Feeds

Sun warns of data corruption problem with UltraSPARC III

Firmware update fix will result in performance hit

  • alert
  • submit to reddit

Next gen security for virtualised datacentres

A potential data corruption problem involving kit based on Sun's UltraSPARC III processor means hardware needs to be updated with a patch that will impact the performance of some applications.

An internal notice on the issue, which has been leaked to The Register, warns: "The SunBlade 1000 [workstation] is affected by a potential data corruption problem involving the prefetch pipeline. This problem is totally alleviated with a firmware update, that will ship with all new systems as of March 14."

SunFire 280R low-end servers will also need to be patched in the field because of the issue but Serengeti mid-range servers, which were introduced last month, will ship with a firmware patch in place.

Sun spokesman Larry Lettieri said that in a "rare set of circumstances" the problem meant that there could be problems with floating point calculations. To get around the issue Sun is issuing a patch that turns off the prefetch pipeline, a feature of the UltraSPARC III chip which tries to retrieve instruction it is most likely to need next.

However, as Sun's own notice admits, this "firmware update has a performance impact that will affect some applications".

Lettieri downplayed the impact of this on customers but wasn't able to tell us immediately which applications would be affected, or to what extent users would see a performance hit. He said Sun and its partners will be contacting customers about the issue to advise them on what action to take.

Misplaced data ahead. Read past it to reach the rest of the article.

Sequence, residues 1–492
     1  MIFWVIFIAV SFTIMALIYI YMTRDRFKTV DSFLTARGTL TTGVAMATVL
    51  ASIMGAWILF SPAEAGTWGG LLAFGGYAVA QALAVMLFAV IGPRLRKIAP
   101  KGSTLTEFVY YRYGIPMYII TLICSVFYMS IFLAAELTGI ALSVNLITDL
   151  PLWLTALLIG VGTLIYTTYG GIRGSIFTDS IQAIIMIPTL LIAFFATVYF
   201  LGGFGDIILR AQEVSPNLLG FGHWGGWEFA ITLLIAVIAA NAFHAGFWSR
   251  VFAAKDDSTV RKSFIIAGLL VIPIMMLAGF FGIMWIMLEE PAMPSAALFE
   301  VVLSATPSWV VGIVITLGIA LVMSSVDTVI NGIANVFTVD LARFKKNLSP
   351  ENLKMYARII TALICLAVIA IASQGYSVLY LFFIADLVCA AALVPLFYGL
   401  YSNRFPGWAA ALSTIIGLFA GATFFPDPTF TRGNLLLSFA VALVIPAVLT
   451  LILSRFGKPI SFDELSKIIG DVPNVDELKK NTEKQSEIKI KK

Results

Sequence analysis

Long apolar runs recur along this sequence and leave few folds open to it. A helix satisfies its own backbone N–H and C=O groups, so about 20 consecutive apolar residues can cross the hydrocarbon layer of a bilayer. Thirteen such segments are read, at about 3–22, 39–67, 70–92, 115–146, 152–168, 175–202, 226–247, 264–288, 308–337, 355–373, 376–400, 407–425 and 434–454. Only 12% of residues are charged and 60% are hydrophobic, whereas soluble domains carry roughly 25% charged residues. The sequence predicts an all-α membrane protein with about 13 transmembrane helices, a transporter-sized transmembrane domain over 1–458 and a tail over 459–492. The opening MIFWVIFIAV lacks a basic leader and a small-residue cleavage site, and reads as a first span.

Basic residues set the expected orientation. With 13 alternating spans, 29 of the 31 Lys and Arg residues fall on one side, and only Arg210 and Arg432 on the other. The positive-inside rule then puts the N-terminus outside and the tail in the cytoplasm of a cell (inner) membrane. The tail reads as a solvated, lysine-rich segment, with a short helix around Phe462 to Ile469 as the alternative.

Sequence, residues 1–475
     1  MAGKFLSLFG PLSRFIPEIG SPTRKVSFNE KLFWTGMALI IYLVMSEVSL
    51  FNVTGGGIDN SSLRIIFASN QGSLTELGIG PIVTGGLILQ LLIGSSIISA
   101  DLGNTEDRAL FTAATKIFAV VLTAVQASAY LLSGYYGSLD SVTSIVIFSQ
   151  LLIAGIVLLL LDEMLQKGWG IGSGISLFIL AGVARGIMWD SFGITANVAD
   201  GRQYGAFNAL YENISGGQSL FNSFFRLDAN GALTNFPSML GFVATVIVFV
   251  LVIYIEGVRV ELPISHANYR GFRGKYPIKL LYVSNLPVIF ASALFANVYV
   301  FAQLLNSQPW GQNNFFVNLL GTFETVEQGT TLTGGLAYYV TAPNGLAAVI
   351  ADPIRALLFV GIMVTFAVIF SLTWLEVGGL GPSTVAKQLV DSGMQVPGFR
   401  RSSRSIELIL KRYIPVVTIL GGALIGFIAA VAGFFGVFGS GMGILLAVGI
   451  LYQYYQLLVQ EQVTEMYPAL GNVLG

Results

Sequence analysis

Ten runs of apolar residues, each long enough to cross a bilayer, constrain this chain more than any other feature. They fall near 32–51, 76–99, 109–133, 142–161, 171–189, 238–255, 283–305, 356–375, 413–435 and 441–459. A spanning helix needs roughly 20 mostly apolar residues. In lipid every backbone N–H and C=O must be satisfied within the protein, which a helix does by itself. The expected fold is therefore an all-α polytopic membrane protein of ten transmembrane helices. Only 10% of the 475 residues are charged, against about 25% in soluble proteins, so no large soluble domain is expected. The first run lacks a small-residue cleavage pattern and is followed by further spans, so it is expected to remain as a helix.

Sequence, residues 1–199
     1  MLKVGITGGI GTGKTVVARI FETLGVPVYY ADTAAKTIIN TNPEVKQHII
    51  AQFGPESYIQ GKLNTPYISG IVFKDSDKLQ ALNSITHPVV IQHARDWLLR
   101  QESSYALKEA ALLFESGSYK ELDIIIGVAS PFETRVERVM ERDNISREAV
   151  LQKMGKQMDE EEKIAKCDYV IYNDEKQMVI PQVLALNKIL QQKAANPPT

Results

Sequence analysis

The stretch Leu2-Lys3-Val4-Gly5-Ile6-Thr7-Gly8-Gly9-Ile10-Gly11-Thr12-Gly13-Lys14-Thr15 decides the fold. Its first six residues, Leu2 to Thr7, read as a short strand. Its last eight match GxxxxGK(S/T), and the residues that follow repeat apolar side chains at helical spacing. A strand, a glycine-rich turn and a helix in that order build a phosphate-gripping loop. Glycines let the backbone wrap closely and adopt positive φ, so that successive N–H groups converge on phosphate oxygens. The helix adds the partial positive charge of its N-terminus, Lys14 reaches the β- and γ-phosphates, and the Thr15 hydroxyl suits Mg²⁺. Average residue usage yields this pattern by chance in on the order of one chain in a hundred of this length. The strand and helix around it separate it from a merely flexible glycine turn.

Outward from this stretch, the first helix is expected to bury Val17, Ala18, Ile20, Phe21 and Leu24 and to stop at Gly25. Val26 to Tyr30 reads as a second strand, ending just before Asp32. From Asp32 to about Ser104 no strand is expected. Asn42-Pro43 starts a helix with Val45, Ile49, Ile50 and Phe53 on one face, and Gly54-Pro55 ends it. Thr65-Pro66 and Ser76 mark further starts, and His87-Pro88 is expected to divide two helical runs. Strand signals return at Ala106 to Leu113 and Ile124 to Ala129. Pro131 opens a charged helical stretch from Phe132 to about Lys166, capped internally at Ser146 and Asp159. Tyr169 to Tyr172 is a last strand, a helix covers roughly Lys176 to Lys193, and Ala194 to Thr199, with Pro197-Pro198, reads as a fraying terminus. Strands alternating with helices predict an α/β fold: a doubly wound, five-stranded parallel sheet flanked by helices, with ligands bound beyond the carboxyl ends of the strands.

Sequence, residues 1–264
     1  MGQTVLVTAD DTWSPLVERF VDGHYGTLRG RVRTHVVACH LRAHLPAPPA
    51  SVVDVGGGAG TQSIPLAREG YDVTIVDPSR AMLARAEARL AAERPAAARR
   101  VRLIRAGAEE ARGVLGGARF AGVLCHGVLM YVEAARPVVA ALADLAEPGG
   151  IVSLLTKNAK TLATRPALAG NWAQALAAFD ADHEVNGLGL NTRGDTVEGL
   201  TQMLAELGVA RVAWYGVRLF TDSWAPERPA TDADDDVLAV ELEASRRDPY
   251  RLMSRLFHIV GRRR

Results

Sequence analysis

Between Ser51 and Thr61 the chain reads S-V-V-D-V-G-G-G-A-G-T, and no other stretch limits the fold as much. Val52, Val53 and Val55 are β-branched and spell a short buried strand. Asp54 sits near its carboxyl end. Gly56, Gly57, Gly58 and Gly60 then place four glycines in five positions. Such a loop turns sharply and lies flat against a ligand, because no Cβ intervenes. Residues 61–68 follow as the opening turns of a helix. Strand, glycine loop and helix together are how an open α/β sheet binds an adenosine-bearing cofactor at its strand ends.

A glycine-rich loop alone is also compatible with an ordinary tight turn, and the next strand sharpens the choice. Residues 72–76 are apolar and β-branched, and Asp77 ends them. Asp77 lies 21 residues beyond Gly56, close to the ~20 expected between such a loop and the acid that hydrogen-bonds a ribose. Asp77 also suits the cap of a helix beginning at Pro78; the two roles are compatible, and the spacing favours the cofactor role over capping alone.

There were widespread reports of delays and difficulties in meeting demand for kit based on the UltraSparc III, since its introduction in a workstation and low-end server last September. It now looks like slow shipments of the SunBlade 1000 and SunFire 280R are a blessing in disguise because it means fewer firms will be affected by the issue.

Every cloud has a silver lining, even for an outfit called Sun... ®

Related stories

SunFire servers to trash HP by Friday, says McNealy
Lights go out on UltraSPARC III supply
Sun debuts UltraSPARC III and embraces copper
Sun claws its way to top of US server market
Sun suffers UltraSPARC II cache crash headache

Secure remote control for conventional and virtual desktops

More from The Register

next story
6 Obvious Reasons Why Facebook Will Ban This Article (Thank God)
Clampdown on clickbait ... and El Reg is OK with this
No, thank you. I will not code for the Caliphate
Some assignments, even the Bongster decline must
Kaspersky backpedals on 'done nothing wrong, nothing to fear' blather
Founder (and internet passport fan) now says privacy is precious
TROLL SLAYER Google grabs $1.3 MEEELLION in patent counter-suit
Chocolate Factory hits back at firm for suing customers
Mozilla's 'Tiles' ads debut in new Firefox nightlies
You can try turning them off and on again
Facebook to let stalkers unearth buried posts with mobe search
Prepare to HAUNT your pal's back catalogue
Sit tight, fanbois. Apple's '$400' wearable release slips into early 2015
Sources: time to put in plenty of clock-watching for' iWatch
prev story

Whitepapers

5 things you didn’t know about cloud backup
IT departments are embracing cloud backup, but there’s a lot you need to know before choosing a service provider. Learn all the critical things you need to know.
Implementing global e-invoicing with guaranteed legal certainty
Explaining the role local tax compliance plays in successful supply chain management and e-business and how leading global brands are addressing this.
Backing up Big Data
Solving backup challenges and “protect everything from everywhere,” as we move into the era of big data management and the adoption of BYOD.
Consolidation: The Foundation for IT Business Transformation
In this whitepaper learn how effective consolidation of IT and business resources can enable multiple, meaningful business benefits.
High Performance for All
While HPC is not new, it has traditionally been seen as a specialist area – is it now geared up to meet more mainstream requirements?